Directed by Janicza Bravo
A man watches his life unravel after he is left by his blind girlfriend.
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★★★★ review by Eli Fine on Letterboxd
The brilliance of Janicza Bravo’s Lemon is clear juxtaposed against another IFF Boston pick – the Alison Brie-Aubrey Plaza vehicle The Little Hours. Both films play in an absurdist sandbox, boosted by stacked casts in the vein of Wet Hot American Summer. Both have ties to the L.A. alternative comedy scene and both directly reflect the sensibilities of their respective stars – Brett Gelman and Plaza. These prima-facie similarities notwithstanding, The Little Hours’s derivative, juvenile attempts at absurdist comedy shone a bright light upon Bravo’s wholly unique, original, and stylish Lemon.
Lemon is the odd Wes Anderson pastiche (reminiscent of The Royal Tenenbaums) that quickly develops its own essence, not least because it unexpectedly uses its Andersonian formalism and quirk to examine familial psychosis.
And who better to be at the center of a film about psychosis than Bravo’s husband, the delightfully unhinged comedian, Brett Gelman. Gelman plays ‘crazy’ well, with regularity and great relish. Here, he plays Isaac, an aging acting coach and commercial actor whose wife (Judy Greer) is not-so-subtly cheating on him. He’s obsessed with one of his pupils, Alex (played by Michael Cera, in perhaps his funniest performance to date), aggressively insinuating himself into Alex’s life whenever possible.
The film deals with the unraveling of Isaac’s life and mind as it becomes ever more obvious that his relationship is over and his acting career is kaput. Throughout, Gelman plays Isaac with a fierce, scary intensity. At a photoshoot (run by the great Megan Mullally), Isaac awkwardly asks for and (somehow receives) the telephone number of Cleo, a pretty makeup artist (Nia Long). Their relationship develops from there, and while Isaac never does anything explicitly villainous, it’s difficult not to fear for Cleo’s safety until the very end.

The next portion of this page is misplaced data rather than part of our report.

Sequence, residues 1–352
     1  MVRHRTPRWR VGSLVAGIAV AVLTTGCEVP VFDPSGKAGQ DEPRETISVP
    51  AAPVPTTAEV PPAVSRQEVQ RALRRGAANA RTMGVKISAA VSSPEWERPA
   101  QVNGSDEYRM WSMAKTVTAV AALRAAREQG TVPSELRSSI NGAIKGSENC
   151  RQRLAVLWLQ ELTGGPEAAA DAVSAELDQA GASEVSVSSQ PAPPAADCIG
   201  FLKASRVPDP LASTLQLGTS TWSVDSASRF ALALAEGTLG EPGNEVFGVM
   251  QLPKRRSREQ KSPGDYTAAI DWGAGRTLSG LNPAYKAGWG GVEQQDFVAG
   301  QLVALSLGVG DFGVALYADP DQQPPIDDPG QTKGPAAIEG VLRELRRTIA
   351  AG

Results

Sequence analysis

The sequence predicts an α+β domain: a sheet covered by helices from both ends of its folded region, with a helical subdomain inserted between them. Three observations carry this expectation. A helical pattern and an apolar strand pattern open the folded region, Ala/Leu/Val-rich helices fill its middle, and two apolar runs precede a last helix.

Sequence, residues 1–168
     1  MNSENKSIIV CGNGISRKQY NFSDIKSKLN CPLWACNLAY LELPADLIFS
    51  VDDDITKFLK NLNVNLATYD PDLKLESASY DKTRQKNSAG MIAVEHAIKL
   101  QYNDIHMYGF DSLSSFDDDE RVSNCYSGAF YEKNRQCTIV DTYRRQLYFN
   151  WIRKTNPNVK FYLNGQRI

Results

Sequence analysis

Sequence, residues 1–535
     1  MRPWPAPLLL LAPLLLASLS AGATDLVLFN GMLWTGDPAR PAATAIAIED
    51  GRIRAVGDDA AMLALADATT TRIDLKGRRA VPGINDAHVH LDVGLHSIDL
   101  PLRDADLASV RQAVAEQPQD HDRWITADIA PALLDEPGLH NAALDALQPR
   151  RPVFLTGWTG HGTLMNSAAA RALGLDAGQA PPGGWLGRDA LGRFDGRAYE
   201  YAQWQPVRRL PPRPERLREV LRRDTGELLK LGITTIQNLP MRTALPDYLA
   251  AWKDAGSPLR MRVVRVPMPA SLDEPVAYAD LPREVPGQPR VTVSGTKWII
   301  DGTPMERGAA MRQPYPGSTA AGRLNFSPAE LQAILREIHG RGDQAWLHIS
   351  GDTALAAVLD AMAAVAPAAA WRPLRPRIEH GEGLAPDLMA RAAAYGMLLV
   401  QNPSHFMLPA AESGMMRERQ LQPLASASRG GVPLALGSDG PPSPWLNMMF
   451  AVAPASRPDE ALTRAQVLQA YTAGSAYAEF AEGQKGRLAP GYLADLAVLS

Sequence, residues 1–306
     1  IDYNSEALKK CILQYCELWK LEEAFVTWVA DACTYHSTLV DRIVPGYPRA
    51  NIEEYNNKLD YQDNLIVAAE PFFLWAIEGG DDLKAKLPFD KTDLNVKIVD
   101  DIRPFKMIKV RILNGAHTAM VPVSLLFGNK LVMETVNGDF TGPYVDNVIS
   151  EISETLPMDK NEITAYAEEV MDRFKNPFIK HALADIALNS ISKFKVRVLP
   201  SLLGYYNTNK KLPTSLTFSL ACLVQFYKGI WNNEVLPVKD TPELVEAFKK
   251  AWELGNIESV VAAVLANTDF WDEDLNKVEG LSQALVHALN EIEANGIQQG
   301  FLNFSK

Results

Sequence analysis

What is wonderful about Lemon is that it keeps that darkness close to its chest until about the halfway mark. For the first forty-five minutes or so, it’s just an oddly strange bit of Wes Andersonian twee, full of pastel colors and long panning shots and symmetrical imagery. As the story develops, however, you begin to realize that while it’s not made explicit, Isaac is completely deranged – as are the people who surround him.
Full review on The Young Folks: www.theyoungfolks.com/review/102922/iff-boston-review-lemon/
★★★★ review by Emily on Letterboxd
Wes Anderson meets David Lynch meets the people of LA
★★★½ review by Amanda Storey on Letterboxd
THE GREASY STRANGLER (2016) it's not, but it's still the weirdest film I saw this year on the festival circuit. It's dark. It's wickedly funny. It's disgusting. For those feeling stuck and afraid they'll stay that way forever...watch this at your own peril, or perhaps come away assured. Oh, and props to Brett Gelman and Martin Starr for coming away as The Most Convincing Movie Siblings.
★★★½ review by Sean Hillary on Letterboxd
MD Film Fest 2017
Surreal and absurd and quite funny. Wish it would have pushed a bit further though.
★★★★½ review by seanmalin on Letterboxd
SXSW Film Review for The Austin Chronicle:
Gelman is tremendous as always, but the genius here is in the photography, the sound editing, and the production design. And there is enough to go around between them.
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